Schistosoma Japonicum in Rabbits: Differences in the Host-Parasite Relationship over a Seven-Year Period

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  • Laboratory of Parasitic Diseases, National Institute of Allergy and Infectious Diseases, Laboratory of Statistical and Mathematical Methodology, Division of Computer Research and Technology, National Institutes of Health, Bethesda, Maryland 20205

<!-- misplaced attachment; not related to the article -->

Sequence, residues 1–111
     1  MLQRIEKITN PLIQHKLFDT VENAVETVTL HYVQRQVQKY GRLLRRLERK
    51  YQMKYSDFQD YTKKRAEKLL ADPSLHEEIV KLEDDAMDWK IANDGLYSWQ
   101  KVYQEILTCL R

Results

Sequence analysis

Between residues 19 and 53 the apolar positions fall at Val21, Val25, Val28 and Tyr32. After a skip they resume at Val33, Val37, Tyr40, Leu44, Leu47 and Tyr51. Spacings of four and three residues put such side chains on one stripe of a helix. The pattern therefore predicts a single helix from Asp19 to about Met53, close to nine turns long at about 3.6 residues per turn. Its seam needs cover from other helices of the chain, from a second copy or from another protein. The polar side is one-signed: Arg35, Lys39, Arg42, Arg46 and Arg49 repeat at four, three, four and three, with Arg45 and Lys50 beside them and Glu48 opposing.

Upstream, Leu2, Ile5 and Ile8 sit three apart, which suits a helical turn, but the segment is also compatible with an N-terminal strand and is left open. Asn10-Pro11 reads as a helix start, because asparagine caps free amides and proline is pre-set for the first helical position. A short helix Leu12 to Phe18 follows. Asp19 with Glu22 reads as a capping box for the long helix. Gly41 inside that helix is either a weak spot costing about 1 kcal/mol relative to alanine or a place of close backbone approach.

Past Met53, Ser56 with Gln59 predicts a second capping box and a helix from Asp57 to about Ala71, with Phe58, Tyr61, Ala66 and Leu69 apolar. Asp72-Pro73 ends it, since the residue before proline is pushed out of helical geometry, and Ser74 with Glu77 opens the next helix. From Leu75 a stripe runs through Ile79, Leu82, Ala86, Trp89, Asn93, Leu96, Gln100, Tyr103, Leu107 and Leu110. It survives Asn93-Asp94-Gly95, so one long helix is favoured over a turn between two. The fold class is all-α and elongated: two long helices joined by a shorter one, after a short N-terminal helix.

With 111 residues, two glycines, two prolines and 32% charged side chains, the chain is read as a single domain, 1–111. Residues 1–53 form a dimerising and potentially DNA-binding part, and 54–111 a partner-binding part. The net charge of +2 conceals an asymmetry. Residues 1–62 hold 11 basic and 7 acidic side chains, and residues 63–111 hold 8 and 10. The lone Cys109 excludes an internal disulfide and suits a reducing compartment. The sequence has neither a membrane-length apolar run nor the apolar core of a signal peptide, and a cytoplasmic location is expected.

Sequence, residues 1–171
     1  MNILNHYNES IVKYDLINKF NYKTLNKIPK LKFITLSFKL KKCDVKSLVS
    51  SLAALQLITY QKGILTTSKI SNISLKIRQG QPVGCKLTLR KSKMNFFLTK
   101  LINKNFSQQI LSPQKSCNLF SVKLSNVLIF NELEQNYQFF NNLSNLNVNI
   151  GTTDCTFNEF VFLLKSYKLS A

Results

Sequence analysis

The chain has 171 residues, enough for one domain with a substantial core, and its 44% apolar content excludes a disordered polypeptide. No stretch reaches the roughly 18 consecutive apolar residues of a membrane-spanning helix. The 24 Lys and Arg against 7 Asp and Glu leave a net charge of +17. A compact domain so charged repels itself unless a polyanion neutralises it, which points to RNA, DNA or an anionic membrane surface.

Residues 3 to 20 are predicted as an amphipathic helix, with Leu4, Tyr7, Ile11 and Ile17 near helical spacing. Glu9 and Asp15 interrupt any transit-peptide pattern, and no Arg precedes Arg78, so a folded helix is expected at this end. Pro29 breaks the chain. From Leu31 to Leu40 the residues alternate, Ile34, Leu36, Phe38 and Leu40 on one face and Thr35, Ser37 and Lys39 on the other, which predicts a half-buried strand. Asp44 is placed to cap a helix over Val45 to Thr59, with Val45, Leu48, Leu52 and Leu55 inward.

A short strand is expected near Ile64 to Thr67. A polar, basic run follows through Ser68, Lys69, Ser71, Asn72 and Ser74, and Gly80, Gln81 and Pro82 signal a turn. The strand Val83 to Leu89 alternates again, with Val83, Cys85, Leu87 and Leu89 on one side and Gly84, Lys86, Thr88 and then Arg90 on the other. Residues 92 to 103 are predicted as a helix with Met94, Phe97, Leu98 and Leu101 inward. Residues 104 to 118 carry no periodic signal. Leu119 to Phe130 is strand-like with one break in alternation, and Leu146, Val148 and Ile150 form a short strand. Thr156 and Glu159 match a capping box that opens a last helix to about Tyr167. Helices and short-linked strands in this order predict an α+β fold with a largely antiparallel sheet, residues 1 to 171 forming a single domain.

Rabbits were infected with Schistosoma japonicum of Japanese origin between 1973 and 1979. The distribution of lesions and eggs in the small intestine and colon changed significantly twice during that period, and the number of eggs per worm pair passed in the feces changed at least once. The shift in egg distribution and that in egg passage occurred at different times and appeared not to be causally related. The number of eggs per worm pair retained in the tissues of chronically infected rabbits was consistently greater in rabbits with colonic bilharziomas. We postulate that differences in the schistosome population were responsible for the alterations in worm behavior. These differences may have been caused by the introduction of new isolates from the field, or by selection during laboratory passage.